When it comes to women, success stories are heard more easily than the voice of those who fight the odds every day.
Summer is often called the “silly season”. Nothing much happens. People go away on holidays. In Mumbai, the city where I live, the roads are a little less jammed, the trains fractionally emptier.
During these times, people in the news business welcome a scandal, something with which to fill their news hours. So spot-fixing is the flavour of this “silly season” even as the never-ending IPL season finally draws to a close. As a result, the concerns of women have slipped under the radar. Campaigns launched last year, after the December 16 gang-rape in Delhi, have ended. It is as if enough has been written and said about women and that now we can all sit back.
But can we?
I ask myself that as I pass the two women who live with their three children, two boys and a girl, on my street. Once in a while I see a man. They live, eat and sleep next to a small garbage dump. They are rag pickers. When the sweepers from the surrounding multi-storied buildings dump garbage in the large metal bin, the two women rummage through it to extract plastic, bottles, paper, cloth, tin and anything else that could be recycled and sold.
In 10 years, I have seen no improvement in their lives. They started as young, single girls. Today both are mothers with no evident male around. Yet, they laugh, scold their children, miraculously bathe them and clean them up, feed them and send them off to the local municipal school. Some like me “see” them every day, exchange smiles, a few words. To the majority of the people living in the buildings near this small dump, they are invisible. And their stories will certainly never make it to the news pages, even in this “silly season”.
We read about the crime graph climbing in our cities and women remain the principal victims. Each day there are stories about women who are violated, raped, murdered for dowry, tortured and forced to leave their marital homes, roughed up on the road, harassed in offices, schools and colleges. The two women near the garbage dump would have suffered their share of such violence. But we will never read about the daily violence of their lives.
There is also another side, one that we do read about. We know about the women who have “made it”, who have succeeded where women did not in the past. We read recently about the two women, one from Kerala and one from Kashmir, who excelled in the UPSC examinations. And many more who are topping their classes in school and college exams. The very fact that these successes are noted, and written about, underscores that these stories are not the norm but an exception. Despite the odds placed against them as women, as girls, they have “made it”.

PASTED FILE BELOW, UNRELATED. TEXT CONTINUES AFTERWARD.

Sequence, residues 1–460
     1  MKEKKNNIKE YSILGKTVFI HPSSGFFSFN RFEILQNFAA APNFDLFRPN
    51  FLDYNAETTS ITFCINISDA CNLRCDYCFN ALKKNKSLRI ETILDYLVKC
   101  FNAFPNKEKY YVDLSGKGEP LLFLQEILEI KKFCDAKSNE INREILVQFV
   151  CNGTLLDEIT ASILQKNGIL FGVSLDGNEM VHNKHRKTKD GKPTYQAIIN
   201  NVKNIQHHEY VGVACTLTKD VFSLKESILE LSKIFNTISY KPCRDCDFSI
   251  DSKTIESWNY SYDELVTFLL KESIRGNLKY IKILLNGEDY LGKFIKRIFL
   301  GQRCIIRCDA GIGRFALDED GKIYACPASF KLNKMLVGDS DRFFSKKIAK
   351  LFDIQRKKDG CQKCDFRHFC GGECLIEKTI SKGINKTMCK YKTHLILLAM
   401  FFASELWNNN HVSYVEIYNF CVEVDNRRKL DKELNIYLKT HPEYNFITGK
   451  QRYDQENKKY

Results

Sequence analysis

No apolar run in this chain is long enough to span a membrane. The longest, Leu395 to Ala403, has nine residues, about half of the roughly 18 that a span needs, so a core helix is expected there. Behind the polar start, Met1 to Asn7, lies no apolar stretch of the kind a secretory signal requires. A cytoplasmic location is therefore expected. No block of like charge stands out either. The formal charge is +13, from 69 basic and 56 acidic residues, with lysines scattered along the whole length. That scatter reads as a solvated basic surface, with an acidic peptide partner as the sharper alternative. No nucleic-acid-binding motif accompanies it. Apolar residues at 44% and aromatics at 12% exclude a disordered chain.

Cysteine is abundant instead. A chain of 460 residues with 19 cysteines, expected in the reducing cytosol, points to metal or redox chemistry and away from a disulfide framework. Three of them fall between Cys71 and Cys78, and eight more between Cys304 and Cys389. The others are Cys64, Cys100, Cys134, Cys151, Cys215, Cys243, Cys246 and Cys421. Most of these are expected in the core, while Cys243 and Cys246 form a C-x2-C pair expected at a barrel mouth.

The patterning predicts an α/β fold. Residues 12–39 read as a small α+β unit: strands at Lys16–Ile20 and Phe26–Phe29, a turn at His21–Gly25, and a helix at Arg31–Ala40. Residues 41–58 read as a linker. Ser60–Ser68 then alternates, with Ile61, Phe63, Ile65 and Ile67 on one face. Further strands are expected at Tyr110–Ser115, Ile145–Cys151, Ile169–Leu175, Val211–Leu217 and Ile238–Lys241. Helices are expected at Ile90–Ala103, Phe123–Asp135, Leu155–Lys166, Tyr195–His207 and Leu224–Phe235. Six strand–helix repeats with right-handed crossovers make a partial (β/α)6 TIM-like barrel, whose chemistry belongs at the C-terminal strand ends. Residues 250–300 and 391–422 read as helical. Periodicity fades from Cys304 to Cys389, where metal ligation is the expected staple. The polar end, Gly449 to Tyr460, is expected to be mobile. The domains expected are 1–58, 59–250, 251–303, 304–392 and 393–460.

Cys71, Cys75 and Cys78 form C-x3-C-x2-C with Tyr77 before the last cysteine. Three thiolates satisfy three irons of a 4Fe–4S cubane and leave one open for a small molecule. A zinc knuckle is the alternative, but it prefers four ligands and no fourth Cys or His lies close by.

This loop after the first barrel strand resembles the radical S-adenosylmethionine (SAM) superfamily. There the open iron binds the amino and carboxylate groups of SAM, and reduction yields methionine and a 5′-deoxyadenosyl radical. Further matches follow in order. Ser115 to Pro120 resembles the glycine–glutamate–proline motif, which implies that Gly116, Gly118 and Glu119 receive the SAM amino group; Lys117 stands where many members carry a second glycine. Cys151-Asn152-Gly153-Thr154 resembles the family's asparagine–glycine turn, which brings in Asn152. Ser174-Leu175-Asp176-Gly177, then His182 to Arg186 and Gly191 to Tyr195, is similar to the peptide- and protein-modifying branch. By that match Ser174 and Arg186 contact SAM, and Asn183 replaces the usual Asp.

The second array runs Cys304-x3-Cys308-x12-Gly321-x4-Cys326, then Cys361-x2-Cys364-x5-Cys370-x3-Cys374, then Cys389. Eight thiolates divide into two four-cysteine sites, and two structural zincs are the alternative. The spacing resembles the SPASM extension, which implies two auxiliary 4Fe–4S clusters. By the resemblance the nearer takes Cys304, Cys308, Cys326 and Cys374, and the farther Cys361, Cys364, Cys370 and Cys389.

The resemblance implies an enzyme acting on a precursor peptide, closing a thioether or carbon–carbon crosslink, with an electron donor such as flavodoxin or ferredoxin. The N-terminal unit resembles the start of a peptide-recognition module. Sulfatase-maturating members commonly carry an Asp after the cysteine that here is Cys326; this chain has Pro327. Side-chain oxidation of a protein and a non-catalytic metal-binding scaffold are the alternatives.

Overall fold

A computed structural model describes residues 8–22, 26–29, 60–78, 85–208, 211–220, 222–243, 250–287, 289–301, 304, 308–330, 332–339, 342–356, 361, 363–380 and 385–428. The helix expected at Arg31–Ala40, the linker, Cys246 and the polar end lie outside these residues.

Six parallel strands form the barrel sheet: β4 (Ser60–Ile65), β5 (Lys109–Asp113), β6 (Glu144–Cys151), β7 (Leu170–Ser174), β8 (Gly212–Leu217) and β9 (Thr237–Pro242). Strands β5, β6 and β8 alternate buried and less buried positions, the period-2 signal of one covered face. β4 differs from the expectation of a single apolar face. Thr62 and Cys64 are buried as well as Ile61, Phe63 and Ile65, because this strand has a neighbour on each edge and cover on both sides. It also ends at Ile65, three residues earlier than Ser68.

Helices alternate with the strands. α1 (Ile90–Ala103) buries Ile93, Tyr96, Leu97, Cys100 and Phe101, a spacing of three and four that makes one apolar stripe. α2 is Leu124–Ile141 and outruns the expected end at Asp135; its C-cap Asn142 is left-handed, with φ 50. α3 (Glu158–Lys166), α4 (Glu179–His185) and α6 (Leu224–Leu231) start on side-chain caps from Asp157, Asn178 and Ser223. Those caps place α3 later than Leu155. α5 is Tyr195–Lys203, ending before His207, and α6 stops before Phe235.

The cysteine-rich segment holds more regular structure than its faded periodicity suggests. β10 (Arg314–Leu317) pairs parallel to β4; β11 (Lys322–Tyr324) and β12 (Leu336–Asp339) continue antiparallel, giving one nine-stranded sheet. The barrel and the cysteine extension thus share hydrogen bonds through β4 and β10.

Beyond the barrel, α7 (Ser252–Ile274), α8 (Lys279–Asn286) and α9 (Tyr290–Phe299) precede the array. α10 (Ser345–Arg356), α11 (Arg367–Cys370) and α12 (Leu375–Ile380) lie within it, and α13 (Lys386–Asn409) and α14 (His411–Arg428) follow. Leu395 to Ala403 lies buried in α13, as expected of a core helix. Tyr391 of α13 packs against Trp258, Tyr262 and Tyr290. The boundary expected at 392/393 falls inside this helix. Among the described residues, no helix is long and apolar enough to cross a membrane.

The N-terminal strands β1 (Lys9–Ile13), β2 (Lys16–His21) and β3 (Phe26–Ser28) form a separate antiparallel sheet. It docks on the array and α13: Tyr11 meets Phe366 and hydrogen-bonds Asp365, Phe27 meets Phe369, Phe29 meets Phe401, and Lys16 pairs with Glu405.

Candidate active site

Yet even as we celebrate these successes, we should not forget that for every girl or woman who makes it, there are many more who do not get into school, or if they do, cannot complete their education. The two women separating waste are a part of that story. The little girl who is now a member of their “family” might be able to craft another story for her life, or she might just repeat her mother’s story.
One of the reasons so many girls do not make it through school is because they are forced into early marriage. There is a law banning child marriages. No girl should be married before the age of 18. Yet, 47 per cent of Indian girls are married by the time they turn 18. And 18 per cent are married before they are 15.
On any count, this is unacceptable. Indeed, what could be crueller than to dangle the carrot of education with one hand and the stick of early marriage with the other? If the statistics are right, then almost one in every two girls in India will never know the options available if she finishes school and defers marriage. Instead, girls as young as 15 are being pulled out of school and married to men much older than them.
It is these girls, whose bodies are not yet ready to bear children, who are another statistic in the depressingly high maternal mortality rate in India. (In India, pregnancy — by no stretch of imagination a life-threatening disease — is the leading cause of death of women between the ages of 15 and 19). It is these adolescent girls who are vulnerable to contracting HIV because the men they are forced into marrying might be carriers. It is these young girls who are often victims of the worst forms of domestic violence.
We don’t hear much about this, or read about it, because we prefer not to acknowledge that this too is an Indian reality. That, among the many other lists on which India features, it is also among the top 15 countries in the world where early and forced marriages of girls take place.
So next year, summer will come around again. So will the IPL, one presumes, despite the spot-fixing. But will we begin to make a dent on this shameful back-story of millions of Indian girls being forced into a life they did not choose?